CARB Cracks Down On Smog Causing Chemicals

    Minnesota Company Fined For Violating California’s Aerosol Coating Products Regulation

    The California Air Resources Board (CARB) has announced a settlement of US$170,000 with Plasti Dip International Inc. (Plasti Dip) for violating California’s Consumer Products Regulations, specifically related to aerosol coatings.


    Plasti Dip is located in Blaine, Minnesota, and is the manufacturer of a multipurpose rubber coating sold nationwide, including in auto and hardware stores throughout California.


    “CARB is continuously working to ensure that products sold to consumers in California meet the standards for smog-causing chemicals,” CARB Executive Officer Richard Corey said. “These violations impact air quality and public health.”


    Aerosol coatings like Plasti Dip products dispense product ingredients by means of a propellant. They are packaged in a disposable aerosol container for hand-held application, or for use in specialized equipment such as ground traffic and other marking applications.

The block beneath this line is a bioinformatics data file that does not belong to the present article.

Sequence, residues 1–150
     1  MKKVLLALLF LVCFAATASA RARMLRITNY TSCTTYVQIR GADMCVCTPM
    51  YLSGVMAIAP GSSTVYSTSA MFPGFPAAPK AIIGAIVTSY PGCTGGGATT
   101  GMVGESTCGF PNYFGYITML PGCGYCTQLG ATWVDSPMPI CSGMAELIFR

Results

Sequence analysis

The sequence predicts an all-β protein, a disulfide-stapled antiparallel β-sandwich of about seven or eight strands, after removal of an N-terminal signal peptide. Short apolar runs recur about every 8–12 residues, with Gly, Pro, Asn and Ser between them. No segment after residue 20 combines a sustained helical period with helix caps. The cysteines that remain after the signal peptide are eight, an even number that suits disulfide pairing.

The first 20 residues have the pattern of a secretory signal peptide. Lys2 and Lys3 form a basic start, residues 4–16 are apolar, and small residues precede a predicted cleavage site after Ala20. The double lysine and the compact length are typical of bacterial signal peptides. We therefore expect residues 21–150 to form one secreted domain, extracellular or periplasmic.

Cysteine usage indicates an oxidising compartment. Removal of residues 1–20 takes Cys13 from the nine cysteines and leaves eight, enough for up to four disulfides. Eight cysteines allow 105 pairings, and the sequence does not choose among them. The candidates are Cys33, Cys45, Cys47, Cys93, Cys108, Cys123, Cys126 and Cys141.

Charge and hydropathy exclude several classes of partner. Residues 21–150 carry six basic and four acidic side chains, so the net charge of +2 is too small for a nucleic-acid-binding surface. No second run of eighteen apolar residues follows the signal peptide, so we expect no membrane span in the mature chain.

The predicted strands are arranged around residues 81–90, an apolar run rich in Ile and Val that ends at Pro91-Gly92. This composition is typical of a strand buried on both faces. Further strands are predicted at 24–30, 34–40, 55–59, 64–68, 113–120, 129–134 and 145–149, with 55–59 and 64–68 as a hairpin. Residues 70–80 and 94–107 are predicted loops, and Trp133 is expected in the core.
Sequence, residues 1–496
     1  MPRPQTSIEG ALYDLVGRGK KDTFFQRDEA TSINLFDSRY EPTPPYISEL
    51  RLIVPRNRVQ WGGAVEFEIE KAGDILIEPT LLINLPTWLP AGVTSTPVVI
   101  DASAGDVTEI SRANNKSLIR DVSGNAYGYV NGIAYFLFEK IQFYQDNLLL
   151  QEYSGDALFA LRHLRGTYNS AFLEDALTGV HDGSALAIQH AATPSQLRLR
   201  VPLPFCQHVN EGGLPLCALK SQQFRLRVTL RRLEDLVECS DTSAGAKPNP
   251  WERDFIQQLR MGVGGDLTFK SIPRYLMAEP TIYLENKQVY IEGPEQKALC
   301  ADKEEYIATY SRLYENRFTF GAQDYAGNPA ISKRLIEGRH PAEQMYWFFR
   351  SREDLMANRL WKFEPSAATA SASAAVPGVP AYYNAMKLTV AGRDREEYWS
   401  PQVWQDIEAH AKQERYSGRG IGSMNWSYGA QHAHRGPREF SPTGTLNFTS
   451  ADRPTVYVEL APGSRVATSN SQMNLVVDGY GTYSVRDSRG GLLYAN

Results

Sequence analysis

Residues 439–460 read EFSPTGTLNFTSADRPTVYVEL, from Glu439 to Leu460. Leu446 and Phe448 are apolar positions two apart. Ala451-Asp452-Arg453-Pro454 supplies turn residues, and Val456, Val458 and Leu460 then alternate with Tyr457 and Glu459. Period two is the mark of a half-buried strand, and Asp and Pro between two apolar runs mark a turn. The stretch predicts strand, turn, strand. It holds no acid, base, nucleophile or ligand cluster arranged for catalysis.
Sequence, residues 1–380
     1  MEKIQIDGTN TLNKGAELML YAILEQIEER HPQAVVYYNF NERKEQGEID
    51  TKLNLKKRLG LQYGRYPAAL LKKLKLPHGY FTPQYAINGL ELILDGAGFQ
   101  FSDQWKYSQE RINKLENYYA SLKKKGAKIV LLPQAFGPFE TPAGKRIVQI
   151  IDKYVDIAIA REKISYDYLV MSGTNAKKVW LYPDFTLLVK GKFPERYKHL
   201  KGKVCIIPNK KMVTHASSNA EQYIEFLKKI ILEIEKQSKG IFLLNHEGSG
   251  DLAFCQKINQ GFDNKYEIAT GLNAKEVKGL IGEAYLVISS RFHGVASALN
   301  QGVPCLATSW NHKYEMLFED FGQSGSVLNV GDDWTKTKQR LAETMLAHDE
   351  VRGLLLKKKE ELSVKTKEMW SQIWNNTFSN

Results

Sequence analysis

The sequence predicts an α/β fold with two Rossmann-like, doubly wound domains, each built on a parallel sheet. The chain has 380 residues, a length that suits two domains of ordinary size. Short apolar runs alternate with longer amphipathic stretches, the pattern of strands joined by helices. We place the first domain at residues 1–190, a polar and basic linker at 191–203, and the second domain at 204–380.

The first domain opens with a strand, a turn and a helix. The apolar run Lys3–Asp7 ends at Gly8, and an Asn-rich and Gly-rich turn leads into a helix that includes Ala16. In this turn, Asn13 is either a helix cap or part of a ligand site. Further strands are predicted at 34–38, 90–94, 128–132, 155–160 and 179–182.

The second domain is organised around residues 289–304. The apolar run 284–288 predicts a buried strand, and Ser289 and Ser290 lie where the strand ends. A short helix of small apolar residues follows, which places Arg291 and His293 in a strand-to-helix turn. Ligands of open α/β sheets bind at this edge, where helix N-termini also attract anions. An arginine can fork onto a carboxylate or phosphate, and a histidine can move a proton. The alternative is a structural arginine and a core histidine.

CARB adopted its Aerosol Coating Products Regulation to reduce reactive organic compounds (ROC) from aerosol coating products by limiting product reactivity. Reactivity refers to ROC’s potential to undergo a chemical reaction to form ground-level ozone. ROCs are an important precursor, or component in the formation of ground level ozone, a major part of California’s smog problem. Any person or company selling or manufacturing aerosol coating products for use in California must comply with the standards in the Aerosol Coating Products Regulation, including the reactivity limits, as well as labeling, reporting, dating, and other administrative requirements.


    Plasti Dip violated the Aerosol Coating Products Regulation by selling, for use in California, Plasti Dip Metalizer, Plasti Dip Classic Muscle, and Plasti Dip Glossifier, all of which exceeded the allowed reactivity limit.

    To meet the terms of its settlement agreement, Plasti Dip modified its products to meet CARB’s regulatory requirements. They will also pay a settlement amount of US$170,000 to the Air Pollution Control Fund.